Like many birders in the online era, I’m a big fan of eBird. The program’s merits scarcely have to be repeated here, but needless to say my own birding has benefited from the record-keeping and good-natured competition that the program inspires. In the early days of eBird (you know, 3 or 4 years ago), I would carry a notepad in my pocket when I was birding, carefully noting the species and occasionally the numbers of birds I was seeing at a given location. Part of my regular routine would then be to sit down at my laptop and carefully enter this information in an eBird checklist and then spend however much time I had available to me, tooling around on the bar charts and maps and personal lists to see if that day’s birding had changed anything. I’ll bet I’m not alone here.

Then I had kids.

After all that business, my time at home was no longer time to bask in the data-enabled glory of a successful day’s outing, but time to do parent stuff again. My notebooks, previously carefully and meticulously entered immediately upon returning home, started piling up. The prospect of entering 15 checklists, each one consisting of normal everyday birds, was not exciting. Enter BirdLog.

I was a little slow to adopt BirdLog, the iPhone app that effectively lets you enter and submit an eBird checklist from the field. But when I caught on, I caught on hard. Over the last year or so I have used BirdLog exclusively and my eBird contribution has been as high as it ever way. I especially appreciate the ability to pinpoint my location, which saves me the trouble of scanning Google Earth later. It’s a clever little app and I think essential to any avid eBirder with a smartphone.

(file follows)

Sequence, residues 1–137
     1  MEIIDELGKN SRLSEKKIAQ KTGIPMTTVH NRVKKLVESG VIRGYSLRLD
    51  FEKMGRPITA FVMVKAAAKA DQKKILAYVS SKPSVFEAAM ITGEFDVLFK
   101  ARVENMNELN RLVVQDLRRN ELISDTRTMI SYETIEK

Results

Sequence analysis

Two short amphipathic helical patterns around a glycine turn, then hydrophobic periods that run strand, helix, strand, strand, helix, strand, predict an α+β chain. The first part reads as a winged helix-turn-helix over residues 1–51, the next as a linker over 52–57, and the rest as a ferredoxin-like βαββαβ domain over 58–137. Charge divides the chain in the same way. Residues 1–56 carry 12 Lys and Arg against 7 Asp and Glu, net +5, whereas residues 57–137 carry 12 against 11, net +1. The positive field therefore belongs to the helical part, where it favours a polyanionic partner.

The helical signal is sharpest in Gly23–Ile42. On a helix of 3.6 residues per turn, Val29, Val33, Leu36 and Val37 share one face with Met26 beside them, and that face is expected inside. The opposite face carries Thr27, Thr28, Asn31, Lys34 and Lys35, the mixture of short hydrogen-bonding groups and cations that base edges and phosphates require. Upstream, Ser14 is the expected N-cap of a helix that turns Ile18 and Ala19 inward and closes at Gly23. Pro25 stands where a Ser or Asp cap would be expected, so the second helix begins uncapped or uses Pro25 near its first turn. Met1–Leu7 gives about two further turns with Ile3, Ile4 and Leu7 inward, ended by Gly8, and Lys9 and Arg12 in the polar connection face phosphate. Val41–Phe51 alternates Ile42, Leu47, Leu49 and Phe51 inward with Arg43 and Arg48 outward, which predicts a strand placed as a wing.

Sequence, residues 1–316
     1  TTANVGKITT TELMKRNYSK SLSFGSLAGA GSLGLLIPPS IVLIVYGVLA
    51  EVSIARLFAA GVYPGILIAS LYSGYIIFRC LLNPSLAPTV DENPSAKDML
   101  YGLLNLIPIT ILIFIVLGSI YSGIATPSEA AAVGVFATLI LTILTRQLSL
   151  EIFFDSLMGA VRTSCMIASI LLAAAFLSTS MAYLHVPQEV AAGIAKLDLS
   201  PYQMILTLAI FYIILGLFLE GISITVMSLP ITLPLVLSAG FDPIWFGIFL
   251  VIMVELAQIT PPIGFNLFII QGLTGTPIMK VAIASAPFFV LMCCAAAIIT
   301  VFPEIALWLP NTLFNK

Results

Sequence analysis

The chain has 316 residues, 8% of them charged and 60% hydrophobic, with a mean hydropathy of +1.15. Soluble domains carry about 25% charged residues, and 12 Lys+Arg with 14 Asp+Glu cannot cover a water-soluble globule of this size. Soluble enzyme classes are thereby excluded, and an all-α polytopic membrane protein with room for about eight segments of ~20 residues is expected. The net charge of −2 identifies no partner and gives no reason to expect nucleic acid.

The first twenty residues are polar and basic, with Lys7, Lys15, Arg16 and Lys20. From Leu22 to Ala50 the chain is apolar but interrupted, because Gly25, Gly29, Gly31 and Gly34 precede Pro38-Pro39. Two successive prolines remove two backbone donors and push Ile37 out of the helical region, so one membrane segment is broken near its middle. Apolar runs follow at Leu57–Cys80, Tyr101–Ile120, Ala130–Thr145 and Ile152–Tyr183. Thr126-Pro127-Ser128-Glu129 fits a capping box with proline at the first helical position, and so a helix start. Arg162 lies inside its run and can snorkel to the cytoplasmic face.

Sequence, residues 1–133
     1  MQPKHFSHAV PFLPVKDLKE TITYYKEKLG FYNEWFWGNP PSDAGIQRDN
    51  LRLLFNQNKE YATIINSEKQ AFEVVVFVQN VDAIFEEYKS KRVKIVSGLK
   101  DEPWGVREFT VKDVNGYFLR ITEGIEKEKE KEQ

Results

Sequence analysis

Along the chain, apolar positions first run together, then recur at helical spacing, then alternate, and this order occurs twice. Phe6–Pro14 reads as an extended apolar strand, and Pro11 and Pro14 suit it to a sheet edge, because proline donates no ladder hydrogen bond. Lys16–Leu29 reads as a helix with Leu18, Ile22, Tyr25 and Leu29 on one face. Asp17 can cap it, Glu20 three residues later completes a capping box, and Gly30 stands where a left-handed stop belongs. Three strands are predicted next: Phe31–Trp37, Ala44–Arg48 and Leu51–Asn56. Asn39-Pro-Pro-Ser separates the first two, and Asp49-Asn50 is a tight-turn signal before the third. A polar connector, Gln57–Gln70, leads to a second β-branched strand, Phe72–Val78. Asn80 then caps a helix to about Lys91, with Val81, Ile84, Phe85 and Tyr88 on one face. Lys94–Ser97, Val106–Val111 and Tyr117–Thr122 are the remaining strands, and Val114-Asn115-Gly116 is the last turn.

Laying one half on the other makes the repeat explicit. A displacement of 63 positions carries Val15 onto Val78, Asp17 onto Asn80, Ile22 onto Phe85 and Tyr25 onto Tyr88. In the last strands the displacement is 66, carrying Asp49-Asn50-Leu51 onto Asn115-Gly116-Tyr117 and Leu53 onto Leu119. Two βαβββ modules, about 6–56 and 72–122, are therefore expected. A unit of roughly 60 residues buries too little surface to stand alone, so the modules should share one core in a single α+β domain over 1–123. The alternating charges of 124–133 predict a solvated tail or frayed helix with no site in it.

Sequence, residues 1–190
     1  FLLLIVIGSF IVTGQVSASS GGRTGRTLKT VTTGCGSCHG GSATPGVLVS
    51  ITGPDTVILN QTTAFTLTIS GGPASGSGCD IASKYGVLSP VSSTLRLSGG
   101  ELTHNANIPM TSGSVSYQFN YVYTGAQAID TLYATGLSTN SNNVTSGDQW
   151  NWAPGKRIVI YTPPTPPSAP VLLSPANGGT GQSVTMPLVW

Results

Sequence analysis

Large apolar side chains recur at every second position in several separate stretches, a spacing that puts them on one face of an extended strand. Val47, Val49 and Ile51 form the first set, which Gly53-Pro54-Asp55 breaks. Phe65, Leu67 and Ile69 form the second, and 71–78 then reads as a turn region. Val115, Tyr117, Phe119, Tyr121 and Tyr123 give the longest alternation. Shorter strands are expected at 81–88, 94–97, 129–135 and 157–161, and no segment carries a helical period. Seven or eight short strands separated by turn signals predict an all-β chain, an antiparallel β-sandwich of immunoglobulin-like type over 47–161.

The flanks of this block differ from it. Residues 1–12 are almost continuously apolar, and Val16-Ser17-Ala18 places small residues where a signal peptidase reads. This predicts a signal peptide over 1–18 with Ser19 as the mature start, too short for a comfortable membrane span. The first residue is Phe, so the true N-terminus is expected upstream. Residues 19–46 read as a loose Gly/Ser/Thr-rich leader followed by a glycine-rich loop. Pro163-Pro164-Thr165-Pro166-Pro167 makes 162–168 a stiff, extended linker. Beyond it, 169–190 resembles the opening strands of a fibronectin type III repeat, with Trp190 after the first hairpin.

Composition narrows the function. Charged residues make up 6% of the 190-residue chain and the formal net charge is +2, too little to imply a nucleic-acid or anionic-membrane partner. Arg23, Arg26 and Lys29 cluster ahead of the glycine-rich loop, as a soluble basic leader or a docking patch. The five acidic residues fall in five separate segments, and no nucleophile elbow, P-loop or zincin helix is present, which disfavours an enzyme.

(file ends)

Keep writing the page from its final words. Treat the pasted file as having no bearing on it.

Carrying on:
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But here’s the deal. I am, as much as anyone these days, a bit tied to my phone. And one of the wonderful things about birding is that it gets me out of that space and into the woods for a little while where my brain can come down from the constant dopamine bath that the various pings and rings and notifications prompts. But when I have my phone out, I’m still receiving these things and it’s not uncommon for a simple number adjustment to turn into a brief spin around Gmail for Facebook. I realize I can turn these notifications off, but I never remember to turn them back on at the end of the day. But even without that, having my phone out and taking that brief moment to find the bird in question and tap the extra number means I’m almost constantly looking down when I want to be looking up for that next bird.  I suppose there’s no easy answer for it, other than advocating for a voice recognition system for Birdlog so I never even have to look at the screen (I would love this), but expecting technology to solve a technological problem is probably asking too much.

I’m no Luddite, and I’m not saying I’m going to stop using BirdLog, the app is indispensable and that post-birding decompression and checklist entering time is not coming back anytime soon. But I will continue to feel slightly uncomfortable at the extent that these things improve my birding experience while changing it slightly in uncomfortable ways.

I know there have to be heavy BirdLog users out there. How do you deal with the intersection of technology and birding? Do you have a process that works better than mine? I’d love to hear about it.

Written by Nate
Nate Swick is a birder. He grew up in the midwest but currently makes his home in Greensboro, North Carolina, with his wife and two young children, who are not yet aware that they are birders too. He has a soft spot for Piping Plovers and loves pelagics even when his stomach doesn’t, which makes him the quintessential Carolina birder. Nate is the editor of the ABA blog, host of the American Birding Podcast, and author of two books, Birding for the Curious and The ABA Field Guide to Birds of the Carolinas.